In this episode, Liz Wilcox is taking us behind the scenes of what it has been like to host 3 summits alongside 3 co-hosts.
We're talking about everything from how the event and offer have evolved over the years to how to help an audience not familiar with online summits understand how it all works.
I'll let Liz take it from here!
I started my website about three years ago and wanted to run a blog as my business. About six months in, I wrote a book called “Tales from the Black Tank: A Collection of Hilariously Crappy RV Stories”. And if you're not familiar with RVing, the black tank is where the sewage goes. It's just a collection of funny stories about our RVing.
I had a small email list that I sold to, and about 25% of them bought the book. I couldn't believe it. This really lit a fire in me. I went back to my mastermind of other RVing ladies and said we’re going to put on a summit all about RVing. We planned and implemented that first summit in 3 weeks. Everything fell into place.
The first year we sold a bundle of products, and the summit was a platform to sell that bundle. We didn’t really know what we’re doing, but it worked well. We made 43 sales at $100 and split that evenly with anyone who participated that year.
The next year we restructured it. We didn’t have this bundle of products anymore, but we had the idea to sell the previous year’s videos and to create a coupon book. RVers love to save money so I knew it was the right topic. This coupon book featured all the speakers and gave a discount on any products or courses they had. We sold it for $47 and did really well with that.
In the third year, we did a bit differently. We did pricing tiers and no coupon book. My partners didn’t want to go through the hassle of the coupon book and decided on pricing tiers instead. I just went with it, trusted they made a great decision. We were able to sell double the amount of tickets we had sold the previous year. They were right, I was wrong.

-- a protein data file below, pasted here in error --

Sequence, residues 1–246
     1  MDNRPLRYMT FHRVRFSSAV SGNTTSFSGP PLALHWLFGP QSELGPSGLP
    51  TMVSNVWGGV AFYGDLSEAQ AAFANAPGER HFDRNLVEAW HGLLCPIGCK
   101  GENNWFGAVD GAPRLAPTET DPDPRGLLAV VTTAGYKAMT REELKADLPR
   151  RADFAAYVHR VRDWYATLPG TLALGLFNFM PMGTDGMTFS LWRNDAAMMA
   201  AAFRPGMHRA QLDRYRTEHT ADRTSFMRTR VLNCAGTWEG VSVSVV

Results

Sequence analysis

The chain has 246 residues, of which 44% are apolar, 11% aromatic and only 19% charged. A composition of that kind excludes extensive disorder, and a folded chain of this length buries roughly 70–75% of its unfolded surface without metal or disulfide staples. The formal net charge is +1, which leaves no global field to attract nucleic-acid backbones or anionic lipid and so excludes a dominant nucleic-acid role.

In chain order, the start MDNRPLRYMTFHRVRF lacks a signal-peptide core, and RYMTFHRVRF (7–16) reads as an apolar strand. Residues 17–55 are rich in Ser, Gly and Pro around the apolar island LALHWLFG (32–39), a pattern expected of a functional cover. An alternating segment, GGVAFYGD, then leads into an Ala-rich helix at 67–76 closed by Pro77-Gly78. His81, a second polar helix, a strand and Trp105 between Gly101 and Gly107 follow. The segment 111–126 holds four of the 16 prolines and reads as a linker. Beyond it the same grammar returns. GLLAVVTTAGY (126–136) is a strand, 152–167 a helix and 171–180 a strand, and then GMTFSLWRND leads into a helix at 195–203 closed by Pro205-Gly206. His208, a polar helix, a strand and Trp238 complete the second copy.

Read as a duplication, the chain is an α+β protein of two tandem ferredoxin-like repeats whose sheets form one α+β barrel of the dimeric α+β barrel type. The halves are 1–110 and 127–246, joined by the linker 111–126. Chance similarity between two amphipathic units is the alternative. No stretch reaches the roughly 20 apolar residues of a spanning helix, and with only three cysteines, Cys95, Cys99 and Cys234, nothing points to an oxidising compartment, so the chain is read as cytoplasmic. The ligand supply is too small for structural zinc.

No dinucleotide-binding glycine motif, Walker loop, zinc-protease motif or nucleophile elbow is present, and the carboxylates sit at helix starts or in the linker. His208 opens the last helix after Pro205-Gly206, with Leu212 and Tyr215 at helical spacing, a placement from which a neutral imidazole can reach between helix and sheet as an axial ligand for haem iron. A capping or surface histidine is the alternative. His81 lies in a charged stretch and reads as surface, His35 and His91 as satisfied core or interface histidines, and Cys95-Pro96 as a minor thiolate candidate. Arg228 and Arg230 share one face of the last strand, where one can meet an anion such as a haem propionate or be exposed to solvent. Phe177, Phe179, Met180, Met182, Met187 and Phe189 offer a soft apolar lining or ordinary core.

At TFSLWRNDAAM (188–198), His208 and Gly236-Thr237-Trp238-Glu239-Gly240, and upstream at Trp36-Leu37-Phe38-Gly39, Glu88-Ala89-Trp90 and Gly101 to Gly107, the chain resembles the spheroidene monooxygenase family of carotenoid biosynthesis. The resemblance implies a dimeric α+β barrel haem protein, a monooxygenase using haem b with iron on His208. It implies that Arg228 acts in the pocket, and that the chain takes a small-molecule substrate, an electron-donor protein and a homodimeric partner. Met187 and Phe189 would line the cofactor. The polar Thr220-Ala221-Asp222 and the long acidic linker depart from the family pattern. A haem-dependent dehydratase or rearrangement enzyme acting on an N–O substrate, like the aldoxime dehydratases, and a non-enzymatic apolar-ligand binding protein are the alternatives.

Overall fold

They taught me what true value is and how to value yourself as a business and what you’re offering.
We did a hybrid event this year called Full-Time Freedom Week. We had a live, in-person event, with a virtual option as well. The tables really turned. I was reluctant at first but remembered how my cohosts had put their trust in me in the beginning so I needed to trust them now that this in-person aspect was going to work.
It ended up being fun and cool to meet some of the people that had been watching out summits for 2 years. It was amazing to hear the stories and see the faces of those we had impacted. We had 50 or so in-person and thousands online.
You can consume all the resources out there, but you never know what it's going to be like until you get started. You go in with the mindset that I'm going to come across some barriers and when I do, I'm just going to keep going. We’re proof that it works and that you can work around any barrier.
RVers know what a blog or YouTube is. They’re used to that, but they don’t know what a virtual summit is. They’re not too savvy on this business-to-consumer situation, but I think the name of our summit really helped. We called it Full Time Freedom Week, and when people hear the word “week” at the end, they think of an event – like Shark Week.
On our registration page, we called it a virtual event you can watch from your computer 100% online because that’s a pain point for some of our attendees. Put that language right there on your landing page but think about what your audience knows and relates to. Our audience knows rallies, so we positioned it as an online rally. We said they don’t have to leave their dinette because the dinette in an RV is where the attendees would be watching from.
Think about what your audience knows about events and translate that into your website wording.
We've had our ups and downs, but what makes us work is that we WANT it to work. We're not afraid of conflict. We’re also not afraid to take full ownership.
We’re so good at individual things and it kind of meshes well, but we all take ownership. Every year it’s us proving to each other that we can do this and can make money online.
We tell our speakers it’s an event built on collaboration, not competition. We want you to succeed as much as we want ourselves to succeed.
Just do it! And then do it again and again. If you have someone to work with that you can trust, do it, because it’s a huge thing to do on your own.
Liz Wilcox runs an RV-centric digital summit with 3 other genius bloggers. Just wrapping up its 3rd year, they've tried just about every strategy out there when it comes to online conferences. Including turning it into an actual IRL event.
Learn how much time to set aside for planning and launching your profitable, stress-free online summit and use my calculator to set the due dates for you.